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Colombia: Impunity, a Documentary About the Victims of the Armed Conflict

In 2011, journalist Hollman Morris and filmmaker Juan José Lozano launched the documentary Impunity, an audiovisual tour of the history of the armed conflict in Colombia through the voices of the victims of the various armed groups.

Impunity has generated all kinds of opinions because of its theme, and the reactions seen on social networks in this regard reflect that.

For example, the blog Hablando Jóven describes the documentary [es] as follows:

Este es un documental que refleja la realidad de las Victimas del Conflicto Armado y específicamente muestra el actual proceso de la Ley de Justicia y Paz para los familiares y allegados a los desaparecidos, asesinados, secuestrados y torturados por el paramilitarismo y la impunidad y poca celeridad de los procesos de justicia, que permitan conocer la verdad y acceder a la reparación.

This is a documentary that reflects the reality of the victims of armed conflict and specifically shows the current process of justice and peace for the families and relatives of the disappeared, killed, kidnapped and tortured by paramilitarism, impunity and the slow pace of the justice system, which lets us see the truth and allows access to redress.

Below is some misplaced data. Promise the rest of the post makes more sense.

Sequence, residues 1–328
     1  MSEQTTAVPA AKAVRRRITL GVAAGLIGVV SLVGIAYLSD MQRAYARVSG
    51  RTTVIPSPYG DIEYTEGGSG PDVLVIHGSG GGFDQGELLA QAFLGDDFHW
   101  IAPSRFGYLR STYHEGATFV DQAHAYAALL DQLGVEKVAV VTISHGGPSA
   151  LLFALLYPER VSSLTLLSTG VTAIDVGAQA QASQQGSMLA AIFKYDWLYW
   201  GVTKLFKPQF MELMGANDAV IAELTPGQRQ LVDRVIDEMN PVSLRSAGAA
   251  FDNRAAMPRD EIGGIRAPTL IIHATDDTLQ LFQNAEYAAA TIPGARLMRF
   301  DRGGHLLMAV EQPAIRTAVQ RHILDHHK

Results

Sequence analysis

For its part, El que piensa, gana gathers some opinions that appeared on Twitter in July, 2011, [es] like journalist [es] Jorge Luis Galeano (@pastoman) [es]:

Impactado por #IMPUNITY, los secretos a voces de este país contados desde el dolor de las víctimas y la crueldad de los victimarios

Impacted by # Impunity, the open secrets of this country, told through the pain of victims and the cruelty of the perpetrators.

Or the doctor and former mayor of Cali, Jorge Ivan Ospina (@JorgeIvanOspina) [es]:

#Impunity para pensar ,para deliberar,para que jamás vuelva a ocurrir,por nuestra gente,por la vida,por la supervivencia de nuestro pueblo

Impunity to think about, talk about, so it will never happen again, for our people, for life, for the survival of our country.

However, the reactions of 2011 aren't the only ones that have been seen on the net. On Sunday, January 29, 2012, Capital Channel aired the documentary, causing #Impunity to be trending on Twitter and revealing the common desire to end the Colombian internal armed conflict.

Nicolás Quintero on the blog El triciclo writes about how moved he was by the documentary [es]:

quedé anonadado y sumamente conmovido. Conmovido con el dolor de las víctimas y con rabia por la manera, en que, como sociedad, las hemos tratado, privilegiando el relato político del mal necesario a su propio dolor.

I was shocked and very touched. Moved by the pain of the victims and angry at the way in which, as a society, we have treated them, favoring the political narrative over the necessary evil of their own pain.

He continues: